The Mere Existence of a Prophet

The LORD, the God of their fathers, sent persistently to them by his messengers, because he had compassion on his people and on his dwelling place.
(2 Chronicles 36:15)

Last Thursday, we observed the simple fact from the Old Testament that the mere existence of a king in Israel reflected the heart of the people of Israel. They had rejected God as their King, so God gave them the king they wanted (1 Samuel 12:12).

In contrast, let’s observe the flip side of the coin: the mere existence of a prophet reflected the heart of God for the people of Israel.  It was pretty bad in Israel. God’s people (and their kings) had wholesale rejected God. That is the setting. But did God just give up and walk away? No.

Take a moment to ponder the above passage from 2 Chronicles 36:15. Here are a few brief points from verse 15:

Because he had compassion.

What was God’s heart? Compassion. We may think the prophet was only there to call in coordinates for God’s next bombing raid. That was Jonah’s thinking, and God had a whale of a job trying to correct Jonah’s attitude. James and John had this same mentality and Jesus rebuked them as well (Luke 9:55). God’s ways are not our ways, thankfully (Isaiah 55). He sees souls that are broken, souls in need of restoration and redemption. He sees people and relationships, and he longs for us to come home.

God’s messengers sent a message from God’s heart.

The prophets are messengers sent to pour out God’s heart to the people. The messages of the prophets are pretty simple: Repent, Remember, Return, Restore, Redemption.

God’s messengers were sent persistently.

Because God loved them and had a deep compassion for them, he didn’t just try once or twice, He sent loads of prophets over hundreds of years! Those prophets were mocked, despised, rejected and murdered, yet God sent more and more. Again, the prophet was a symbol for the heart of God – because God loved, God sent the prophets.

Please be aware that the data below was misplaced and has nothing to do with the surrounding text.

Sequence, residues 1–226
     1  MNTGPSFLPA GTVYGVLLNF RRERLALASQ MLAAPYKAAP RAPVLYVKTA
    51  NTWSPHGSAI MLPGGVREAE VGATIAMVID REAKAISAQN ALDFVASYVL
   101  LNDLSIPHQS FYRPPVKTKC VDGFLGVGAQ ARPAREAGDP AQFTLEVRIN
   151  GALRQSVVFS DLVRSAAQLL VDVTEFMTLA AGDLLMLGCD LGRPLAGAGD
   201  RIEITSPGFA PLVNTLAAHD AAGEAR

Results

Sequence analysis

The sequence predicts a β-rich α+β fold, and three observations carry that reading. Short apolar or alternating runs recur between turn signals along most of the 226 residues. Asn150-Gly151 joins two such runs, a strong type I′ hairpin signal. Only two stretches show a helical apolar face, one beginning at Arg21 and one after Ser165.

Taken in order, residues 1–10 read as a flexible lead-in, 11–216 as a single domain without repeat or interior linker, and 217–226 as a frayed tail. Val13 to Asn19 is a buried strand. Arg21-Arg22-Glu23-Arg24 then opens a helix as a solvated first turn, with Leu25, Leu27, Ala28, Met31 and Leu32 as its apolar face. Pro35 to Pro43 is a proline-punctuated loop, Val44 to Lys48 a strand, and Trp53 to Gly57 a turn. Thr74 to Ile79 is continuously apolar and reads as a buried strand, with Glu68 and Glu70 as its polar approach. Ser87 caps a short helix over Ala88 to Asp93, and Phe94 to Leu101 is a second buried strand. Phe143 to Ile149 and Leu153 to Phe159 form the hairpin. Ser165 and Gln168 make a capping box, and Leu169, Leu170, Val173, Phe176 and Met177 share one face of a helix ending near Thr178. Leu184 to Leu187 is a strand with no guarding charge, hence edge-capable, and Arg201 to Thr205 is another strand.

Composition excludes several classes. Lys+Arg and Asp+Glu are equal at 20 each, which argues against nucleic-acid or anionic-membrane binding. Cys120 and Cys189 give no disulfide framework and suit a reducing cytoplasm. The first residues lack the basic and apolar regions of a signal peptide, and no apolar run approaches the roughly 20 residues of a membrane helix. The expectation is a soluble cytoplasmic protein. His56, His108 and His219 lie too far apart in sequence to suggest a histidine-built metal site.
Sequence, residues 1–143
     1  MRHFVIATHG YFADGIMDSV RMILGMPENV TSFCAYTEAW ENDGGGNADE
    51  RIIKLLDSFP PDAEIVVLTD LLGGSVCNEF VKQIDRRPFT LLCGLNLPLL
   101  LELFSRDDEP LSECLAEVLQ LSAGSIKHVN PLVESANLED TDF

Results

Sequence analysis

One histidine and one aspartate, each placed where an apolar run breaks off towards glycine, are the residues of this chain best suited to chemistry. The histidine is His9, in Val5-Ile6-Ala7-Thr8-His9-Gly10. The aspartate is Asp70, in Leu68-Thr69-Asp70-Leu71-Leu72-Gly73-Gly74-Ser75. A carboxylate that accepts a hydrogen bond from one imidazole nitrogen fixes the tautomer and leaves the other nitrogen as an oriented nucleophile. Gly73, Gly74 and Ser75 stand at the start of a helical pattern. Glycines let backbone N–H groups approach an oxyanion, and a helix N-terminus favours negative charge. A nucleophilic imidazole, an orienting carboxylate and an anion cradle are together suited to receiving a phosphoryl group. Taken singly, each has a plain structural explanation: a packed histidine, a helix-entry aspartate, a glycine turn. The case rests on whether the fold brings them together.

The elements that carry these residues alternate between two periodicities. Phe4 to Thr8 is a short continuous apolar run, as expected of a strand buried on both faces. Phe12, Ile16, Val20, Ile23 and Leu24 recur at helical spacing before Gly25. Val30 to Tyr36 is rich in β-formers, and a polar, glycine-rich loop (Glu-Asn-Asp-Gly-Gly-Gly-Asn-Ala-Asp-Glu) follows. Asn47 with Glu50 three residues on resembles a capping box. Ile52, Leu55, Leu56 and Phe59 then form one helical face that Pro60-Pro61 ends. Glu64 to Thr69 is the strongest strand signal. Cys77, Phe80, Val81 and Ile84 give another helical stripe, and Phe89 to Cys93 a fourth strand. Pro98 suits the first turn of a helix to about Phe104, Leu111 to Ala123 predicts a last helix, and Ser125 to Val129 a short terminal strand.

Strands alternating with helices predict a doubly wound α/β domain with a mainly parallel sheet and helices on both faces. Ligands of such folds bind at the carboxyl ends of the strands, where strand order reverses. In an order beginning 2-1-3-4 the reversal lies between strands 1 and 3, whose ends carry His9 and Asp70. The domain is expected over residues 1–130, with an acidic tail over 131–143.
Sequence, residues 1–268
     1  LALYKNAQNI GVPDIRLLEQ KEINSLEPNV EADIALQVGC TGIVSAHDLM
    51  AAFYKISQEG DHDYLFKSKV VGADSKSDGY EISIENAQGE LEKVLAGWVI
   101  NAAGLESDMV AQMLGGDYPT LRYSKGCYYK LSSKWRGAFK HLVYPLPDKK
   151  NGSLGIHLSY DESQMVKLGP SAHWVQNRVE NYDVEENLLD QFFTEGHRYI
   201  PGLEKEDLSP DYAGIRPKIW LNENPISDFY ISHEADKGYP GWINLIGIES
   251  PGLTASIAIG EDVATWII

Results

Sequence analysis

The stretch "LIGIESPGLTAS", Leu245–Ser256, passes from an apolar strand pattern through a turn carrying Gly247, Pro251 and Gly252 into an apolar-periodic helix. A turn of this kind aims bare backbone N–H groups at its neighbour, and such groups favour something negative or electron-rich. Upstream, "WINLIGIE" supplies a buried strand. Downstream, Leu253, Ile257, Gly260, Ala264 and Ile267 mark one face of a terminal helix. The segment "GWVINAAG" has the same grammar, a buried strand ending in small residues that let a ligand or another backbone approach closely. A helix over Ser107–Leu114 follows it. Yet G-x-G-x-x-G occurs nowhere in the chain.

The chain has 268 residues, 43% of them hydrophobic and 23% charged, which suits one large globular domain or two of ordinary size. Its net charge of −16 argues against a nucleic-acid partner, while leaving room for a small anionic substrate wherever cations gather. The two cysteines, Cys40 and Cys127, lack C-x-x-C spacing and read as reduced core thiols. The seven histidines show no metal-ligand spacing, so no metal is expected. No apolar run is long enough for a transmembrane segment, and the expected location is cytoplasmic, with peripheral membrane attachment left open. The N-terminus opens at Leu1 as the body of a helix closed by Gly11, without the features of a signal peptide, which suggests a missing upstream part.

God’s people.

Again, verse 15 says “his people.” This reflects that God cared more about the relationships and the people. To God, they were worth it.

So, what about you and me? If the mere existence of a prophet reflected the heart of God for Israel, what is reflected in my heart when others disobey God and are not walking with Him? Does my heart align with God’s heart of compassion, persistence, and a desire for reconciliation?

The Mere Existence of a King

And when you saw that Nahash the king of the Ammonites came against you, you said to me, ‘No, but a king shall reign over us,’ when the LORD your God was your king. And now behold the king whom you have chosen, for whom you have asked; behold, the LORD has set a king over you.
(1 Samuel 12:12-13)

The Mere Existence of a King in Israel was a symptom of Israel’s heart condition before God. They had rejected God as their king, and that is why they asked for a king to rule them.

Then all the elders of Israel gathered together and came to Samuel at Ramah and said to him, “Behold, you are old and your sons do not walk in your ways. Now appoint for us a king to judge us like all the nations.” But the thing displeased Samuel when they said, “Give us a king to judge us.” And Samuel prayed to the LORD. And the LORD said to Samuel, “Obey the voice of the people in all that they say to you, for they have not rejected you, but they have rejected me from being king over them. According to all the deeds that they have done, from the day I brought them up out of Egypt even to this day, forsaking me and serving other gods, so they are also doing to you. Now then, obey their voice; only you shall solemnly warn them and show them the ways of the king who shall reign over them.”
(1 Samuel 8:4-9)

Israel, God’s chosen nation, wanted to be like the other nations (1 Samuel 8:5). They wanted a king to fight their battles for them (1 Samuel 8:20). Israel was not content to be a peculiar people and to stand out among the nations as different. Their faith was not in the power of God, but in the power of men. But they did not think this through really well, because that king would not fight “their” battles without them. Their sons would be soldiers and their daughters would be servants, and they would be taxed heavily (1 Samuel 8:10-19).